Interview: Caroline Overington, Journalist and Writer


Caroline Overington is one of Australia's best female journalists. She has had en extraordinary career that includes working for The Age and as New York correspondent for The Sydney Morning Herald. Currently she works as a reporter for The Australian. To describe her as an award winning journalist is also no understatement -  in November 2006 Caroline won the prestigious Sir Keith Murdoch Award for Journalism and then the 2007 Walkley Award for investigative journalism for her coverage of the AWB scandal. 
The incredibly talented woman has also written three books including Kickback (2007) is based on her coverage of the AWB scandal and a novel, Ghost Child was released last year with rave reviews. Her novel I came to say goodbye was released two months that touches upon the subject of child protection. 
There is an incredible video interview on her friend Mia Freedman's website Mama Mia about the issue of parents killing their children after the death of a little boy called Imran Zilic and the legal issues of reporting that surround it - both the video and Caroline's article on it are pieces of extremely high quality journalism that will bring you to tears. If you are after something amazing to watch, I suggest you view it here.
She is also a mother of twins but I was reluctant to ask her how she manages juggling her children while being a writer. Why? Because I felt that I was asking a sexist question. Do men who are successful journalists or just successful in their own right often get asked, 'How they manage juggling their kids with their work,' - No. 
She is a fantastic writer and we were absolutely thrilled that she agreed to an interview for Doorways. Take particular note of her answer to how she get's into her 'writing mode' - very well answered. 

How did you get into journalism?
I did work experience at the Melton Mail Express, in my home town of Melton, at the age of 13. I took a cadetship on suburban newspapers after I finished my HSC at 17, hoping to one day get on at The Age (The Age owned the local papers in those days.)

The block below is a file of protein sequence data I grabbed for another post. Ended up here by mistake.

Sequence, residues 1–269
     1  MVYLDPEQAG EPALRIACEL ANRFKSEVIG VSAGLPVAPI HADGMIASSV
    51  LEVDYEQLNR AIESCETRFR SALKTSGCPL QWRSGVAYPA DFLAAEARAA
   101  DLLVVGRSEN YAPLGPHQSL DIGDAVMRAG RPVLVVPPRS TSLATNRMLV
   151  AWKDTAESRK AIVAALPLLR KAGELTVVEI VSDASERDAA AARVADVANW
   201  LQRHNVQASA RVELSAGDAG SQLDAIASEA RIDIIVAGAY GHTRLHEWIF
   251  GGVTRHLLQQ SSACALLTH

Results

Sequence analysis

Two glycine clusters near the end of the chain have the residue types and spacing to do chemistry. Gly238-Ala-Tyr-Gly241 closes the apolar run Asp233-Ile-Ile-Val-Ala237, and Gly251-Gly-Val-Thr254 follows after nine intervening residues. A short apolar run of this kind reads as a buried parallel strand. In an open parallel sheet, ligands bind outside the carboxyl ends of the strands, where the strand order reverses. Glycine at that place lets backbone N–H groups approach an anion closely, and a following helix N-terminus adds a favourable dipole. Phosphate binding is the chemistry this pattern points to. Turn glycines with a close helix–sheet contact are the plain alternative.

What was it like working in New York to become a foreign correspondent for The Sydney Morning Herald and The Age?
The Age and the SMH sent me to New York in 2002. My husband and I had twins. They were 18 months old. It was amusing to us, trying to get their big stroller onto the subway (nobody has a car); and through the snow in winter. But obviously it was magical. We had toboggan rides, and rode the carousel at Toys R Us in Times Square, and played in Central Park, and went ice-skating. I even did some work!

In your opinion, what are some of the differences between working for News Ltd and Fairfax?
The most fun I've ever had in my life is working for newspapapers. I don't really mind which ones.

How do you bounce between writing fiction and non-fiction?
It is often difficult, as a reporter, to tell the whole story: the police won't talk to you, except through spokespeople who often weren't even at the scene of the crime; the hospital won't talk to you; the surgeon operating on the victim won't; very often, even witnesses are told to keep quiet.
That is very difficult from when I started 18 years ago, and you could just bowl up to a crime scene and see things for yourself. We've become very strange and secretive, usually to protect the reputations of politicians.
In fiction, I have found a freedom to write what really goes on in society: I can say what I've seen when I've walked into houses where children have been neglected; I can discuss what it might be like to be a child whose brother was murdered by the parents, having to grow up with a mother in jail, and so forth.
My readers are clever: they know it's all true.

What are some of the habits you always do to get yourself into 'writing-mode'?
I have had many giggles about this with my friend Mia Freedman. We both have young children. We are always saying how marvellous it would be to `catch the Muse' and go into a light and beautiful room and write away, with a tea cup and saucer, as the inspiration strikes. The reality is quite different: the children might need a volcano for a school project. Lunches have to be made. So I write when I can.

What is your advice to other aspiring journalists?
It is much easier to get started these days, but you have to be prepared to write for nothing for a while. Write for blogs. Write your own blog! Write for the local paper. Write for the university magazine. Keep all your clippings. And then apply, apply, apply, for every job you can find.

Comments (0)

Post a Comment